Archive for Monday, June 13, 2005

Shifting the health-care burden

June 13, 2005


— I've stayed out of the Wal-Mart wars. Didn't say a word when the discounter was caught using illegal immigrants as janitors in its sprawling superstores. Never spoke out about allegations that it forced employees to work off the clock, or shorted them on overtime, or locked them into stores overnight. I didn't even peep when Wal-Mart broke child labor laws so flagrantly that the Bush administration Labor Department, not known for its zeal, fined the company.

My blinders were ripped off when I happened upon a story developing in Minnesota, where state lawmakers, like officials everywhere, are wrestling with the twin crises of growing numbers of uninsured people and budget woes in state-run health insurance programs. In Minnesota, as in about two dozen states, lawmakers are trying to find out just who among the working poor are turning to Medicaid and other state health programs for insurance. Are they self-employed? Former welfare recipients? Workers in small businesses that can't shoulder the insurance burden?

Wal-Mart, it turns out, doesn't want the people's representatives to find out what the people are paying for.

It lobbies actively in Minnesota and elsewhere against proposals that would require the reporting of employment information on state health insurance recipients, already in some state files. "We have no way of knowing the methodology they use for gathering the information," says Nate Hurst, a Wal-Mart corporate spokesman. And besides, Hurst says, "it does not take one single person off the uninsured list."

But is that list of great concern to Wal-Mart? Or are the troublesome lists really those from states that already have gone public with names of employers who have large numbers of workers getting taxpayer-funded health insurance?

In many states where the information has come into public view, Wal-Mart routinely tops the list, or it comes close.

The pattern is the same in red states and blue. In a 2002 Georgia survey, Wal-Mart employees had 10,261 kids enrolled in the state's PeachCare for Kids program - about 6 percent of all kids enrolled in the insurance plan had a parent working for Wal-Mart. In Tennessee, Wal-Mart ranked first with 9,617 employees using TennCare - that's nearly a quarter of the company's work force in the state. In Connecticut, Wal-Mart also finished first. Officials there also found that 70 percent of Wal-Mart employees who participate in its state health-insurance programs worked more than 30 hours per week.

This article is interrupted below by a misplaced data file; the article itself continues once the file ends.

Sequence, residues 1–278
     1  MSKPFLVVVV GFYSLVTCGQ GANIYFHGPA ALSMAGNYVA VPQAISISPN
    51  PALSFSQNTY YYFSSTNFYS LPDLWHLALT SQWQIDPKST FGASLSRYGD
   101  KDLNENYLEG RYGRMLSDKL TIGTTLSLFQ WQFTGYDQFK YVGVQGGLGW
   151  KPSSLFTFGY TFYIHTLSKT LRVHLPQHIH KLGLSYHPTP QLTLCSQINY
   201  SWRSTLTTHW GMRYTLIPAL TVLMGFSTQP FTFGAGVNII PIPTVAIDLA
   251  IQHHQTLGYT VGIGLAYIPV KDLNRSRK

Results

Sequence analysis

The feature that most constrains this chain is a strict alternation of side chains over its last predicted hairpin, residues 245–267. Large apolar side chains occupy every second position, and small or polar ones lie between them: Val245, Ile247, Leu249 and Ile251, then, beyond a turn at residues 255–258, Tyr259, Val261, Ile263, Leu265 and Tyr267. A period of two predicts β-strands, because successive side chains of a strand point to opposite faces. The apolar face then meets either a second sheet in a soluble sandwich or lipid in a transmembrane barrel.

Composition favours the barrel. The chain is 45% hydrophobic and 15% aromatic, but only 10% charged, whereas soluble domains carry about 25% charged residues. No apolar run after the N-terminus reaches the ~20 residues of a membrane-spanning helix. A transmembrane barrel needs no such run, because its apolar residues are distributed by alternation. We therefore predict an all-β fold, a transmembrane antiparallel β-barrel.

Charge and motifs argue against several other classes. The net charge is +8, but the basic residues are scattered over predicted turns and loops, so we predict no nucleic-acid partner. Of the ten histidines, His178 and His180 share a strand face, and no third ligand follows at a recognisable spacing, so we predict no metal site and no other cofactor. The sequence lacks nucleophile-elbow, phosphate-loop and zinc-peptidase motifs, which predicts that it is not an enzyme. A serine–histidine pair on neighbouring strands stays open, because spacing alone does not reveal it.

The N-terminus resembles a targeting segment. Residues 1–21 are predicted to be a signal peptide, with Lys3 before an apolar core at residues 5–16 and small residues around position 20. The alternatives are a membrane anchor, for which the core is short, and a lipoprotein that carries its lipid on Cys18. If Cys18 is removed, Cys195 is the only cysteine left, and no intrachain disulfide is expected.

The story is similar from Massachusetts to California, from deep in Texas to way up in Washington.

The company says it's logical that it would appear so frequently at the head of this dubious class since it is the nation's largest employer. Others say something more is at work: Massachusetts officials found that Wal-Mart subsidizes its employee insurance premiums at a much lower rate than comparable employers such as K-Mart and Target. A separate 2003 case study by Harvard Business School showed that Wal-Mart's spending on health benefits for its employees was $3,500 per worker, compared with $4,800 in the wholesale and retail industries, and $5,600 for U.S. employers generally.

So here's how it works: Wal-Mart offers insurance, but aggressively shifts the cost onto its employees. The low-wage workers then pass up the unaffordable coverage and turn to the states. If this isn't exactly company policy, it is at least company philosophy. CEO Lee Scott, at the company's recent "summit" for the media, even described it. He said some state health programs are "so lucrative that, in fact, it's hard to be competitive with them and certainly extraordinarily expensive to be competitive with them."

Since when did safety net programs funded by taxpayers become another consumer product? Who decided that this choice has no more significance than deciding between shopping at Wal-Mart or Costco?

To hear Scott and other company spokesmen tell it, the company's workers are free to choose Wal-Mart coverage and just as free to "choose" Medicaid, if that's what suits them. Of course if they "choose" Medicaid, their coverage is financed not only by Wal-Mart but by all other businesses that pay state taxes. And by workers - waitresses and janitors and clerks and cab drivers - who pay taxes but may have no insurance of their own.

For all its groundbreaking efficiencies, Wal-Mart is a leader in a most unseemly inefficiency: A massive shift of health care expenditures from business to taxpayers. Surely a company that's figured out how to do just about everything better than its competitors could find a way to fix this, too.

Marie Cocco is a columnist for Washington Post Writers Group.


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